For many, the term responsive is not new! However, as we could see the phenomenal growth in mobile users over the years, responsive design has become the crux for any business.
Responsive web design is an approach to ensure the website or content on your website is adaptive on varied screen sizes and devices. No matter how large or small the devices are, responsive web design is here to provide an intuitive user experience.
You might wonder why responsive web design matters when we have mobile apps for that! Well, our expert Mfon from TargetTrend explains this as “the most important source of traffic for most businesses is search engines. When people search for content via search engines, it will most likely lead them to your web pages, not your mobile app. And currently, mobile dominates internet usage.
This is true, as mobile users have dominated internet usage, there is no better time to know that responsive web design matters! eMarkter predicts that by 2024 mobile ad spending in the US would hit 167.25 billion. So if your landing pages or websites are not optimized, now is the time to ensure you have a responsive web design approach.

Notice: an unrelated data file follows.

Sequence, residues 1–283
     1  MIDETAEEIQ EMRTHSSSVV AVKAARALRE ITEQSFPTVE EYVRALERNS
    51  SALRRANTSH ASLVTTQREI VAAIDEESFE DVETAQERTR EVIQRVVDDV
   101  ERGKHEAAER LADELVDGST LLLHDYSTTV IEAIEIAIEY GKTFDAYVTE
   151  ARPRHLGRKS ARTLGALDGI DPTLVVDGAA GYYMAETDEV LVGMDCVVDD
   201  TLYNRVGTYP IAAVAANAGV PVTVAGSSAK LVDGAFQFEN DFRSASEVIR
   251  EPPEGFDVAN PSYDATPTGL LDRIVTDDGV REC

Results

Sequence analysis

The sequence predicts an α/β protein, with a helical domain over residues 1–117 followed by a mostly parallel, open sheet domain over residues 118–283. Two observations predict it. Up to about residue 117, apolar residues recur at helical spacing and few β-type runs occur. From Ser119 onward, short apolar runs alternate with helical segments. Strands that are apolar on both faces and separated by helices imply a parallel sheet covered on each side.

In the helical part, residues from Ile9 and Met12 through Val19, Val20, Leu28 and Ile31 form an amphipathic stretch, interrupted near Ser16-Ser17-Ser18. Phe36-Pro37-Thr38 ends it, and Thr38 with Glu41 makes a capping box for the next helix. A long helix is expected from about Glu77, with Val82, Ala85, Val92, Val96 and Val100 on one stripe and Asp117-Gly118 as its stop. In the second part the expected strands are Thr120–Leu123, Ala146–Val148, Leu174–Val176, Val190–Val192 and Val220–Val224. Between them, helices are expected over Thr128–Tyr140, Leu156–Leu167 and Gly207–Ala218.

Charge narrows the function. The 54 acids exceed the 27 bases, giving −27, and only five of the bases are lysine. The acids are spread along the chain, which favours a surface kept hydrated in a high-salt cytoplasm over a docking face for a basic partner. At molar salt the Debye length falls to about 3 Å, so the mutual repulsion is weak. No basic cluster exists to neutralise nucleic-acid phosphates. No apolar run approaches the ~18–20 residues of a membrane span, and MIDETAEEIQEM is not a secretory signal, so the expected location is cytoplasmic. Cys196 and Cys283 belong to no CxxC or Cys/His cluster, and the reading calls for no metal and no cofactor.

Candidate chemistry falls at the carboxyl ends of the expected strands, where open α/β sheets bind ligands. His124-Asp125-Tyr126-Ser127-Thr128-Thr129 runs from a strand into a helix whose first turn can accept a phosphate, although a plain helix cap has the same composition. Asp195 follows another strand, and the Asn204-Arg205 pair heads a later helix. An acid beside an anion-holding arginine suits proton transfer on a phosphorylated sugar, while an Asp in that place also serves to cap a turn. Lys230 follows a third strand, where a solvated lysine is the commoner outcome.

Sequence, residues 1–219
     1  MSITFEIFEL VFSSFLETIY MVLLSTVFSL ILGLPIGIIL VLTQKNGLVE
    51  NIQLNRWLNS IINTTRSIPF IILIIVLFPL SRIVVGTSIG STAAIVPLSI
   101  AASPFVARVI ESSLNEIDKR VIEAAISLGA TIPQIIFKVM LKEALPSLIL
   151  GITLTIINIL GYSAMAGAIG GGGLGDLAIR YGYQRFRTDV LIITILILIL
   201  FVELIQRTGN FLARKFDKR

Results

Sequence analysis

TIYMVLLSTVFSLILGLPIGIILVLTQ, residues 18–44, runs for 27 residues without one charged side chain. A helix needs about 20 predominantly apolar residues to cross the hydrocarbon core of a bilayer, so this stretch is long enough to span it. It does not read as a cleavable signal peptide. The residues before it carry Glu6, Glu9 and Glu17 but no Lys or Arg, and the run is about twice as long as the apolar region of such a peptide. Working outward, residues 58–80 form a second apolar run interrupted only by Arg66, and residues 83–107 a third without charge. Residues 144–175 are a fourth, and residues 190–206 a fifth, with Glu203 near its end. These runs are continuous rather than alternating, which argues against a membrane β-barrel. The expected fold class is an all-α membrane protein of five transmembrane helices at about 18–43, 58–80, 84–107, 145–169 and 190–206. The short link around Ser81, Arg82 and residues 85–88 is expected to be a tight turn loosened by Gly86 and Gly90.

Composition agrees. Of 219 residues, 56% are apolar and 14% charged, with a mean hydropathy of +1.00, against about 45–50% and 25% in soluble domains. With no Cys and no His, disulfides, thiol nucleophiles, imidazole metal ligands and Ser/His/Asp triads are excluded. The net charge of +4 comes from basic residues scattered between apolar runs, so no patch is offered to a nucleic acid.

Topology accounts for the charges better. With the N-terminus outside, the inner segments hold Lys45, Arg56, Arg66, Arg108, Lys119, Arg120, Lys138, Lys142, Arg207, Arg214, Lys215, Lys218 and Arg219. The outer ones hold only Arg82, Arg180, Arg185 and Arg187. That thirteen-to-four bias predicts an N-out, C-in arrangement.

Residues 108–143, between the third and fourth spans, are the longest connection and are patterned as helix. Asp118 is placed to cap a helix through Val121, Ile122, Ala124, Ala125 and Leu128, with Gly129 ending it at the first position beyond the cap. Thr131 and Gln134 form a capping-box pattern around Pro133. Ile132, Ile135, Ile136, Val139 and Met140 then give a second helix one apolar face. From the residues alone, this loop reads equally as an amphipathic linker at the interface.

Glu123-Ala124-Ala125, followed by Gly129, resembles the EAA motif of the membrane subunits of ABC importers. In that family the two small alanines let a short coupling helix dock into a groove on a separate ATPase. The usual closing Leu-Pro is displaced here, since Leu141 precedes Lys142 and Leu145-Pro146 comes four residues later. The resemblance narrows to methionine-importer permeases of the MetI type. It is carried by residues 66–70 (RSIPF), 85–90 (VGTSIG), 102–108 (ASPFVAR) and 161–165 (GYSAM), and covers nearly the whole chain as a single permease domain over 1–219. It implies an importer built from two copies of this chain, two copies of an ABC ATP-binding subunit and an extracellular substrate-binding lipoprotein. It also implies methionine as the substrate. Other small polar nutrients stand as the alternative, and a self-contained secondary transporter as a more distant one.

However, here comes the complexity of making responsive web design principles work across all the devices we have. Developers might face a tough time ensuring the quality of their responsive website. And that’s the reason why testing plays an unrivaled role to make sure the output is matching to your expectations.
Why does mobile website testing matter?
Over the years, new developments in web technologies and frameworks have made it possible for mobile websites to perform better and faster. Businesses are already experimenting with progressive web apps and single-page websites to enhance mobile experiences.